### Bike trig: distance b/w sprockets connected by a chain

Posted:

**Sat Jan 01, 2011 11:52 am UTC**I'm trying to build an application to perform some various calculations relating to bicycle gearing, and there's one problem I'm stuck on - how to calculate the distance between the rear wheel axle and the crankset/bottom bracket axle for a chain of known length and sprockets of known size. (It is possible on some bikes to adjust the position of the rear axle.)

Firstly, a little nomenclature and background:

- The distance between the two axles is often called the "chainstay length", named after the structural members running between the them.

- The rear sprocket is normally called "sprocket" and the front one is called "chainring".

- Sprockets and chainrings are measured by the number of teeth they possess, and their circumference (where the chain rests) can easily be calculated by multiplying the number of teeth by the chain pitch (which is almost always a half inch).

Here's the maths I've done so far (including a diagram showing the problem), which can be used to calculate the chain length given the size of the sprocket and chainring, and the distance between their centres.

Now, when it comes to calculating the distance between the axles from the length of the chain, it gets a bit tricky. I don't know of any way to rearrange the above (spoilered) equation to form a function for l

Actually, after writing this, I've just realised that it can be simplified a little, using the following:

Thanks! (Also, INB4 homework. It isn't.)

Firstly, a little nomenclature and background:

- The distance between the two axles is often called the "chainstay length", named after the structural members running between the them.

- The rear sprocket is normally called "sprocket" and the front one is called "chainring".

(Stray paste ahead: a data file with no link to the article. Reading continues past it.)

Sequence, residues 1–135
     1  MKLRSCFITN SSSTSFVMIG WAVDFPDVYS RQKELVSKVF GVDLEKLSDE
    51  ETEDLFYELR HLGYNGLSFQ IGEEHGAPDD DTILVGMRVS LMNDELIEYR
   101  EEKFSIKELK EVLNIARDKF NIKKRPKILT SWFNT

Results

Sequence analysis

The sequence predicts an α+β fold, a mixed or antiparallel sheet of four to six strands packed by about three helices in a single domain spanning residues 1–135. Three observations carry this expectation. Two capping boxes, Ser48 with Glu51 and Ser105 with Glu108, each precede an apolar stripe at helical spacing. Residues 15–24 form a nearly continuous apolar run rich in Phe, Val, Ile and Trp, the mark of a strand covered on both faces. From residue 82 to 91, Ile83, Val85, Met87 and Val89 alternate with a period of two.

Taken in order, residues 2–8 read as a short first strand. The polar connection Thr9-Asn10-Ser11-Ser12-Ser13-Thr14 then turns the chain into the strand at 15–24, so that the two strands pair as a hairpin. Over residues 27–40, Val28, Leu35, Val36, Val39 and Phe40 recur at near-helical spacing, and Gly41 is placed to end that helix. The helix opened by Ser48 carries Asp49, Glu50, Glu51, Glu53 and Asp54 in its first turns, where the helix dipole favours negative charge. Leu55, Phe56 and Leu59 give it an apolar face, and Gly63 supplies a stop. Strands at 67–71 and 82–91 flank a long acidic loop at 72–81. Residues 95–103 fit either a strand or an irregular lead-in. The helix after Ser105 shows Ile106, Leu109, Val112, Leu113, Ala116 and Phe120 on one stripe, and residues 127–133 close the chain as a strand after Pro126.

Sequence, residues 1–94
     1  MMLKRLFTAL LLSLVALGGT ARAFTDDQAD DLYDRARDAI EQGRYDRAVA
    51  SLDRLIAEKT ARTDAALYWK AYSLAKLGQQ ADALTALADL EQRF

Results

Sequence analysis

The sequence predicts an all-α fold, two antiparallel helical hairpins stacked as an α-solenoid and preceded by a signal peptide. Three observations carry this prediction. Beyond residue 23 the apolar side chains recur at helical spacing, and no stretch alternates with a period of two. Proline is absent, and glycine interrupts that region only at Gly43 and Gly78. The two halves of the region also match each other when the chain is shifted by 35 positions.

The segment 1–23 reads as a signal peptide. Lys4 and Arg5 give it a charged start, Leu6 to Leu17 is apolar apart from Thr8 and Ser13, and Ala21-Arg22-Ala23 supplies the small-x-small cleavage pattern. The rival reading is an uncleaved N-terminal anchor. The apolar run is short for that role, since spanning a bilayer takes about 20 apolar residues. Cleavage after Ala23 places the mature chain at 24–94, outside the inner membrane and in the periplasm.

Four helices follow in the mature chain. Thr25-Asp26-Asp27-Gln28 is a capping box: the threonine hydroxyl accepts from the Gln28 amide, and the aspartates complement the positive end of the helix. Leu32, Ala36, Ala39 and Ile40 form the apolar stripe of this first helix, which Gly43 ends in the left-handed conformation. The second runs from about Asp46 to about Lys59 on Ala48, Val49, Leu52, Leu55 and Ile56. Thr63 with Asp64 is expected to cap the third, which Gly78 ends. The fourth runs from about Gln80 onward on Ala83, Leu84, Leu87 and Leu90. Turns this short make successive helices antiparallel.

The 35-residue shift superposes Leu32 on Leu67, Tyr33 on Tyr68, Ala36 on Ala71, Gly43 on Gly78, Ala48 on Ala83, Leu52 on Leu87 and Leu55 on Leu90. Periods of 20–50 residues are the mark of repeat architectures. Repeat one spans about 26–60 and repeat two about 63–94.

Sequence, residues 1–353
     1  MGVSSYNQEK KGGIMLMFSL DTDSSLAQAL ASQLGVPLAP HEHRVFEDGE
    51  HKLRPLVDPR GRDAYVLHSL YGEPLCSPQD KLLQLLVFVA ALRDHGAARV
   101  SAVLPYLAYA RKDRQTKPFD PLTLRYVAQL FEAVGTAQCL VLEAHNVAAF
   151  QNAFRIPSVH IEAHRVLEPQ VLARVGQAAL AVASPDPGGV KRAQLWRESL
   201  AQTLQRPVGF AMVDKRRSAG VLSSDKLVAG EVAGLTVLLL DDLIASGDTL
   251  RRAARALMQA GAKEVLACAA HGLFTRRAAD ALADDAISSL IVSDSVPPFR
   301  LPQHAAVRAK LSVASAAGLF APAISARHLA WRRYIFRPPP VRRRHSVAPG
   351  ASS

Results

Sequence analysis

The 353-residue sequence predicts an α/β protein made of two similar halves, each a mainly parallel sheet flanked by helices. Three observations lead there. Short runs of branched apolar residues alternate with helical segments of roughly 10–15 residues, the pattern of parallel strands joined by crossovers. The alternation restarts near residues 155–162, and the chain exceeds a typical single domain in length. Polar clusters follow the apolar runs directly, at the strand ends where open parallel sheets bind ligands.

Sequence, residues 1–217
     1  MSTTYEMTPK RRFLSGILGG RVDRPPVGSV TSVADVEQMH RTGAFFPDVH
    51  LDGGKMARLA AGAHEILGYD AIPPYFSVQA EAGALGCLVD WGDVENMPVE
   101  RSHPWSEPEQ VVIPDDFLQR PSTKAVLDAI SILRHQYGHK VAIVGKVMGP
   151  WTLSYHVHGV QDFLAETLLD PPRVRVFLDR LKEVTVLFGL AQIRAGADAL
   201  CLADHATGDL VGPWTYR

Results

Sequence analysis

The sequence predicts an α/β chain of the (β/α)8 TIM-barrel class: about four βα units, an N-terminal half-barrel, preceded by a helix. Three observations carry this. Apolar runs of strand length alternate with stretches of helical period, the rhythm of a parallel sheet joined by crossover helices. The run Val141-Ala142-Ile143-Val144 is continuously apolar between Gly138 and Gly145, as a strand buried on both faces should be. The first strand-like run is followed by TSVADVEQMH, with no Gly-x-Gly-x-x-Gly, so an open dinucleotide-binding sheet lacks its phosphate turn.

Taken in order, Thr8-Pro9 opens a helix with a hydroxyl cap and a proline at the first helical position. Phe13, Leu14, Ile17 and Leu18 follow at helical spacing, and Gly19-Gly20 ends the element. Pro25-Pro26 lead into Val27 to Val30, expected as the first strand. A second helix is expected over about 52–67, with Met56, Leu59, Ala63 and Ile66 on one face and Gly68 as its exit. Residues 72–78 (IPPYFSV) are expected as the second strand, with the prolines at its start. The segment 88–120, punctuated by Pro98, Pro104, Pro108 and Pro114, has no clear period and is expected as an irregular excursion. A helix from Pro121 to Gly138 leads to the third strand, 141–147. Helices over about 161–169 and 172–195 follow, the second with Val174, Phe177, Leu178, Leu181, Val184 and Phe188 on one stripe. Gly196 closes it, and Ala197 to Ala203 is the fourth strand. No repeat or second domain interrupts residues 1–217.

- Sprockets and chainrings are measured by the number of teeth they possess, and their circumference (where the chain rests) can easily be calculated by multiplying the number of teeth by the chain pitch (which is almost always a half inch).

Here's the maths I've done so far (including a diagram showing the problem), which can be used to calculate the chain length given the size of the sprocket and chainring, and the distance between their centres.

**Spoiler:**

Now, when it comes to calculating the distance between the axles from the length of the chain, it gets a bit tricky. I don't know of any way to rearrange the above (spoilered) equation to form a function for l

_{cs}, and I can see any other way to solve it from the diagram. I'm tempted to just do it numerically, obtaining a starting point by assuming α_{s}and α_{c}to both be 90°, simplifying the problem to just subtracting a couple of half circumferences and (twice) a Pythagorean calculation, then iteratively feeding this approximate value into the formula above and adjusting based on how the result deviates from the expected chain length. However, if anyone has any other ideas, I'd be very interested to hear them.Actually, after writing this, I've just realised that it can be simplified a little, using the following:

**Spoiler:**

Thanks! (Also, INB4 homework. It isn't.)